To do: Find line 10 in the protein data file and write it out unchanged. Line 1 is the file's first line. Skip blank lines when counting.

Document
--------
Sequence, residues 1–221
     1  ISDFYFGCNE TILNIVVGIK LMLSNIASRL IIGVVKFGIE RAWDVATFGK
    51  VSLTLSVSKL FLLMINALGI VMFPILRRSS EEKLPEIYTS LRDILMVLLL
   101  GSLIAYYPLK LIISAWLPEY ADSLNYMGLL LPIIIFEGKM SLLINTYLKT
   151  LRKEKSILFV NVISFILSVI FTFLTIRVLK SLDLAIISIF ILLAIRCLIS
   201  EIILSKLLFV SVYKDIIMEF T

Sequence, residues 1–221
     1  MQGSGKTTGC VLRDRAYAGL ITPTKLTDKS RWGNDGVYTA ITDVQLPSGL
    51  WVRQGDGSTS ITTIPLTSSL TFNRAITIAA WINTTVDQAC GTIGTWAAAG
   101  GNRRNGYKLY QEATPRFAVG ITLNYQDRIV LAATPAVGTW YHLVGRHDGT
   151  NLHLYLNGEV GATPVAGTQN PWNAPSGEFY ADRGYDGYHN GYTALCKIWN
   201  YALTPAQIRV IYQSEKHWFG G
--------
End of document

   101  GNRRNGYKLY QEATPRFAVG ITLNYQDRIV LAATPAVGTW YHLVGRHDGT